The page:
Books Boys Love
Everyone knows that boys don’t like books. (Whoa— how’d you all get those torches lit so quickly? At least give me a running start!) But what I mean by that rather sweeping generalization is that, with so many studies and articles showing that boys lag behind girls in literacy, one could easily assume that the last thing any boy wants to do is curl up with a good book and read.
Except, they do. Want to curl up with a good book and read, that is. At least they do in my house where my 10-year-old son Sam will spend twenty minutes perusing the fine print on a bag of potato chips just because he “can’t wait to see how it ends.” Sam has always been a voracious reader and even blew through the entire Harry Potter collection in less than a month last summer. I know, I have it easy with him.
But then there’s Jack, my 8-year-old son, who’s more of a challenge because he needs to have his interest really piqued by a book in order to make a commitment to it. In that way, he’s probably more like the typical boy reader the researchers are referring to, but we’ve still been able to find quite a few books that he just adores.
The good news is that no matter which camp your boys fall into—book worm or book, um, whatever the opposite of worm is—there’s a plethora of stories out there that they’ll be happy to sit down and enjoy. (Key phrase in that sentence: “sit down.”) With the help of our elementary school librarian, I’ve put together a list of books that boys (and more than a few girls I know) seem to love. In general, the librarian told me, most boys gravitate toward fantasy, humor, Greek mythology (especially books with illustrations of the mythical creatures), illustrated dragon books, Guinness World Records and non-fiction stories about military vehicles and ships. Yep, there’s a whole world out there besides “Diary of a Wimpy Kid.”
Please note that along with the book selections, I’ve also included a little commentary from my sons. Which I thought was a good idea at the time, but now they both want jobs at The New York Review of Books after they graduate from grade school.
Books Boys Love
1: Magic Tree House series by Mary Pope Osborne
There are almost 50 of these books that tell fun tales of Jack and Annie’s adventures through time to different places around the world. A great way for your reader to actually learn some history. (Ages 8 and up.)
Sam: I definitely learned a lot of history! Maybe too much!
2: BeastQuest series by Adam Blade
A boy does battle with dragons and other mythological creatures in over 60 books. Hugely popular at our school. (Ages 7 and up.)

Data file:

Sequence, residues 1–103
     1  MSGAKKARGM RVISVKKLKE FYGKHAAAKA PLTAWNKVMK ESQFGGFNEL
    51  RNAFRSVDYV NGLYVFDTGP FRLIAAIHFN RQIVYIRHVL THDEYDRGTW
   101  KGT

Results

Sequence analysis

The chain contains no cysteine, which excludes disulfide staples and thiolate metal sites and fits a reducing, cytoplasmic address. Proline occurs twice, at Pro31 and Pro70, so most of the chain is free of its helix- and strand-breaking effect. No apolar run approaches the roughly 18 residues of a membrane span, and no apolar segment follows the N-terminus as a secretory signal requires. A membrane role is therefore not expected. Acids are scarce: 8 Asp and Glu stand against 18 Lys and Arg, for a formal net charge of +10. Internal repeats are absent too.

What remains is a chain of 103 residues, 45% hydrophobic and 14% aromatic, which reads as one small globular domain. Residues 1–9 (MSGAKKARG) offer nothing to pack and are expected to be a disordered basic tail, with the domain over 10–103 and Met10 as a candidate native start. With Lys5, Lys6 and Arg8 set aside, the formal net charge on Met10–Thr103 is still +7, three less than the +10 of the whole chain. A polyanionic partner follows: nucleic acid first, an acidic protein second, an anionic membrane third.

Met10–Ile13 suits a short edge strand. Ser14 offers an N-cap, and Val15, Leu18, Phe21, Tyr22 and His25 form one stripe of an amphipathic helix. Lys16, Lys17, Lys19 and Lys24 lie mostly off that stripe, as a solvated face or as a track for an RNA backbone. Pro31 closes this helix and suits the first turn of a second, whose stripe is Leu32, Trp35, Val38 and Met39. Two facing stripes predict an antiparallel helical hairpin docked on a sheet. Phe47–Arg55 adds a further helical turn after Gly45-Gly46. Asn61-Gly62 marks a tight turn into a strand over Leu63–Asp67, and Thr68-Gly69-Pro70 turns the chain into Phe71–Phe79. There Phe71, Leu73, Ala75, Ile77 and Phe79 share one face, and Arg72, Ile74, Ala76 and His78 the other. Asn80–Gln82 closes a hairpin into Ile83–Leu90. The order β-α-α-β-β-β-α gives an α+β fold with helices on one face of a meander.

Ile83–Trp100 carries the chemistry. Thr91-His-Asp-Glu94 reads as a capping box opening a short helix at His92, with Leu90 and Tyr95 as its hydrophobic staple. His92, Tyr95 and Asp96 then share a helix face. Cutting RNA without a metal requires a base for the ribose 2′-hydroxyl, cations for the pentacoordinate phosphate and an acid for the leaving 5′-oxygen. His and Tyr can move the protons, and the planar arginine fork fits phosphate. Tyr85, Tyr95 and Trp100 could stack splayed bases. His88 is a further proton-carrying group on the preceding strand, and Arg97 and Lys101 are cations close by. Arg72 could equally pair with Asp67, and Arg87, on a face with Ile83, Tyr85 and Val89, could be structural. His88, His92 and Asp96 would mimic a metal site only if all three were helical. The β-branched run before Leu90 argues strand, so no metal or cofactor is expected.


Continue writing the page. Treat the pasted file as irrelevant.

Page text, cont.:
Jack: Really fun books. All of them have monsters with three children going on a quest to defeat them. I like them because they have a lot of adventure and they’re exciting.
3: Captain Underpants series by Dav Pilkey
I know, I know, not exactly Oliver Twist, but boys go crazy for these slightly crude yet funny illustrated novels. (Ages 7 and up.)
Sam: They’re definitely underpantsy!
4: My Weird School series by Dan Gutman
With titles like “Miss Daisy is Crazy,” kids love these funny books about not-so-perfect teachers and principals. (Ages 7 and up.)
Jack: They’re all about teachers who are weird at their school. I like reading them because in each book it’s different. Like in one book the lunch lady puts weird stuff in the mashed potatoes. Gross!
5: The Genius Files by Dan Gutman
A new series where 12-year-old geniuses Coke and Pepsi McDonald make an exciting, adventurous trek across America to uncover a secret government plot. (Ages 8 and up.)
Jack: It sounds very mysterious and I will definitely read it.
6: I Survived by Lauren Tarshis
My boys don’t have any of these yet, but our first-grade neighbor Jackson goes crazy for these fictional stories about real events like the sinking of the Titanic, Hurricane Katrina and September 11th. (Ages 7 and up.)
Jack: I’ve never read one of these, but they sound like a really good series and I’m going to read them soon. (Do I have to?)
7: Rangers Apprentice series by John Flanagan
Action-filled fantasy that involves a boy training to become a knight in a medieval world. A movie version will debut in 2013. (Ages 10 and up.)
Sam: I don’t usually like medieval stuff, but this is pretty dang good.
8: The Lightening Thief and Lost Hero series by Rick Riordan
Riordan based his hero Percy Jackson, the troubled twelve-year-old diagnosed with both ADHD and dyslexia who is actually the son of Greek God Perseus, on his son. His storytelling is always very compelling and exciting and I personally would have loved to read something like this when I was young. (Ages 10 and up.)
Sam: This got me interested in Greek gods and now I know every single one of them. Impressive, isn’t it?
9: Sports-themed fiction by Mike Lupica, Tim Green or Matt Christopher
With titles like The Underdogs and Safe At Home (Lupica), Pinch Hit (Green) and Body Check and The Great Quarterback Switch (Christopher), these are perfect for your young sports lover. Christopher’s and Green’s books are good for ages 8 and up, Lupica’s tend to skew slightly older.
Sam: This is all I read now. They’re really awesome because I love sports and I’m kind of an expert, sportswise.
Jack: I think that every single one of them gets you more into sports.
10: Anything by Roland Smith
Former zookeeper Roland Smith is a personal favorite of both Sam and our school librarian. Most of his books are stand-alones, like Storm Runners and Tentacles, and are extremely well written with fast pacing that boys really love. (Ages 9 and up.)
Sam: My favorite books ever because they’re just exciting. You never know what’s going to happen next! Hey, will you buy me his new one?
Whether you have an enthusiastic or a reluctant reader, the key is to find something that intrigues them. Something that excites them. Something that shows them that, no matter if they’re a boy or a girl, books are pretty darn awesome. Happy reading!